AMMAN, Jordan (AP) — A Jordanian military court will start on Tuesday to hear the trial of a radical Muslim preacher deported from Britain to face terrorism charges at home, a court official said.
Prosecutors have charged the cleric, Abu Qatada, 53, with conspiring to carry out terrorist attacks against Israelis, Americans and other Westerners in Jordan in two foiled plots in 1999 and 2000. In both cases, Abu Qatada was convicted in absentia years ago and sentenced to life in prison.
But with his return on July 7, those sentences have been suspended and he will receive a new trial. The official said Sunday Abu Qatada will enter his plea in the opening hearing at Jordan's military State Security Court. He insisted on anonymity because he is not allowed to comment on a case to be heard in court.
Abu Qatada has questioned the impartiality of the military court, an issue that delayed his deportation from Britain for years. But in June, Britain and Jordan ratified a treaty on torture aimed at easing those worries, paving the way for his extradition.
In July, Jordanian prosecutors charged Abu Qatada with conspiring to carry out terror attacks in Jordan twice — once in 1999 for a foiled plot against the American school in Amman and another time in 2000 for allegedly targeting Israeli and American tourists and Western diplomats during new year celebrations.
Abu Qatada, whose real name is Omar Mahmoud Mohammed Othman, has been described in courts in Britain and Spain as a senior al-Qaida figure in Europe who had close ties to the late Osama bin Laden. Britain accused him of links with Zacarias Moussaoui, the only person charged in the United States over the Sept. 11, 2001, terrorist attacks, and with shoe bomber Richard Reid. Audio recordings of some of the cleric's sermons were found in an apartment in Hamburg, Germany, used by some of the Sept. 11 hijackers.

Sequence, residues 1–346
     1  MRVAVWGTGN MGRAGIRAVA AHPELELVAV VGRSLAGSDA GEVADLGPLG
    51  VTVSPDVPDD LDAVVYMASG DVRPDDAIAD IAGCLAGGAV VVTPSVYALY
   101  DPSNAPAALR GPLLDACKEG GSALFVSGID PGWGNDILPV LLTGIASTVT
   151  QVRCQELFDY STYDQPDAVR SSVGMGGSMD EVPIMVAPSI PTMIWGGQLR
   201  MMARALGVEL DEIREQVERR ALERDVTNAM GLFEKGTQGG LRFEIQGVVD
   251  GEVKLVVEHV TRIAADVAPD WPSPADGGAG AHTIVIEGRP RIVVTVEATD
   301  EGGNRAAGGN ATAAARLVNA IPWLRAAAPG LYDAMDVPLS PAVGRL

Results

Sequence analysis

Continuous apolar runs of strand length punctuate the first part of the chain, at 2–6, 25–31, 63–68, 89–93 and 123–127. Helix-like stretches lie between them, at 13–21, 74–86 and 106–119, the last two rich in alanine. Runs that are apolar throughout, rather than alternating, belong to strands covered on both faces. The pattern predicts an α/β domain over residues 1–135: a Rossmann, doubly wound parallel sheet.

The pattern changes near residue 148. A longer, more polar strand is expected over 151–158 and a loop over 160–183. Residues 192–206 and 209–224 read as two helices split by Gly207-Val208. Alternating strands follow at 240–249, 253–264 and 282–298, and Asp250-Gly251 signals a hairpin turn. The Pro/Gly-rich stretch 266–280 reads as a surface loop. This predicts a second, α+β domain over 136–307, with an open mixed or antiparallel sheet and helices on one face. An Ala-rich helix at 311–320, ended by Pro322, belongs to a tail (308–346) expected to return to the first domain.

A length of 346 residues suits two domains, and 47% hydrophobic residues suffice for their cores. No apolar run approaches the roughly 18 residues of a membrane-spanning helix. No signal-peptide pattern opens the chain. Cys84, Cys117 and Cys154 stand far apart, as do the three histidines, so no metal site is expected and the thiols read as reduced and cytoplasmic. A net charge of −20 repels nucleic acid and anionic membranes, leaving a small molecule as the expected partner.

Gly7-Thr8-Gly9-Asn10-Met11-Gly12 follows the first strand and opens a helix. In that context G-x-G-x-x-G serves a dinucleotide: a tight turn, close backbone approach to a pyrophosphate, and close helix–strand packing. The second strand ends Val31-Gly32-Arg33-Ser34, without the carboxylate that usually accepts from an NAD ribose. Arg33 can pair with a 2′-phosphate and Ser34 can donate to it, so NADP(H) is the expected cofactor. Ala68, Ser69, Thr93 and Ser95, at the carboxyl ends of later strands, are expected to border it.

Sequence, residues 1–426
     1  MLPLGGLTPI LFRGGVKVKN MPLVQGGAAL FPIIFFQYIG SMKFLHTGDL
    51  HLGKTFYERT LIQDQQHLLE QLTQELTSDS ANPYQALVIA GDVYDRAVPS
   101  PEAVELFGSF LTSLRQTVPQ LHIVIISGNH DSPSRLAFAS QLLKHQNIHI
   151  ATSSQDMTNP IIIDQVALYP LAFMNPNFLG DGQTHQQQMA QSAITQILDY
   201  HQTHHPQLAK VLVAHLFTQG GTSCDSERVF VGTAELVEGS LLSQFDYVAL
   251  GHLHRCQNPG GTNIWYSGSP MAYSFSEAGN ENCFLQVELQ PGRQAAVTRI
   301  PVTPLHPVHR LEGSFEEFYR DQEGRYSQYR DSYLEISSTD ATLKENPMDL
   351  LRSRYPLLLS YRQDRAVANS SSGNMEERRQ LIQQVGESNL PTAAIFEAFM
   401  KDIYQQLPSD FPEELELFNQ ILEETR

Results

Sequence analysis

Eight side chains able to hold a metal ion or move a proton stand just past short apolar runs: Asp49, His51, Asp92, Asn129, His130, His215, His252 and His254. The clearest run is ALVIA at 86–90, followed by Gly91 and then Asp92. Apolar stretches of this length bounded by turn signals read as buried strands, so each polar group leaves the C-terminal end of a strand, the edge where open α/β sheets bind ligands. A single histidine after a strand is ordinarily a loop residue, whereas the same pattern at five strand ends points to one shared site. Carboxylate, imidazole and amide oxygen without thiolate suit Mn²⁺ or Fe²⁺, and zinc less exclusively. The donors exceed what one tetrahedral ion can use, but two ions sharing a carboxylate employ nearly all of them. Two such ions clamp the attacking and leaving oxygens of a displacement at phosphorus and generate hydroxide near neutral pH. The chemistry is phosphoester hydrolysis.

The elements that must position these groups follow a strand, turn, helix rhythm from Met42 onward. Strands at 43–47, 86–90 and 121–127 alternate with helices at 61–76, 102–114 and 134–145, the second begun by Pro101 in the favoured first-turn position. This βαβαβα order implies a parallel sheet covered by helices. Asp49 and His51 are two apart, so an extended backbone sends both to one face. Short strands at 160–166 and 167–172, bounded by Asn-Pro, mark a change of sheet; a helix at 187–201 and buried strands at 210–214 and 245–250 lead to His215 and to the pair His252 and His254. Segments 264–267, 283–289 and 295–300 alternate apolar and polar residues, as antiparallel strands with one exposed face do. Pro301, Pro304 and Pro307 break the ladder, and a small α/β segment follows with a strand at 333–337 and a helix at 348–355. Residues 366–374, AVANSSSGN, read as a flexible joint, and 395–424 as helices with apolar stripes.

Abu Qatada arrived in Britain on a forged passport in 1993 after fleeing a Jordanian government crackdown on militants. He was granted asylum in the U.K. a year later, but he eventually wore out his welcome because of his suspected militant activities, which allegedly included raising funds to finance terror plots in Jordan.
British authorities first tried to deport Abu Qatada in 2001, then detained him a year later under anti-terrorism laws, which at the time allowed suspected terrorists to be jailed without charge. Though he was released in 2005 when the unpopular law was overturned, the cleric was kept under close surveillance and detained in various ways.
Britain's original efforts to deport Abu Qatada were blocked by courts over concerns that evidence obtained under torture could be used against him. After years of successfully fighting the numerous attempts to expel him from the U.K., Abu Qatada indicated last summer he would voluntarily return to Jordan after the treaty on torture is ratified.
That treaty explicitly bans the use of evidence "where there are serious and credible allegations that a statement from a person has been obtained by torture or ill-treatment." Abu Qatada's lawyer, when contacted by The Associated Press, said he no longer represented the preacher. The court official said a court-appointed lawyer will be named Tuesday.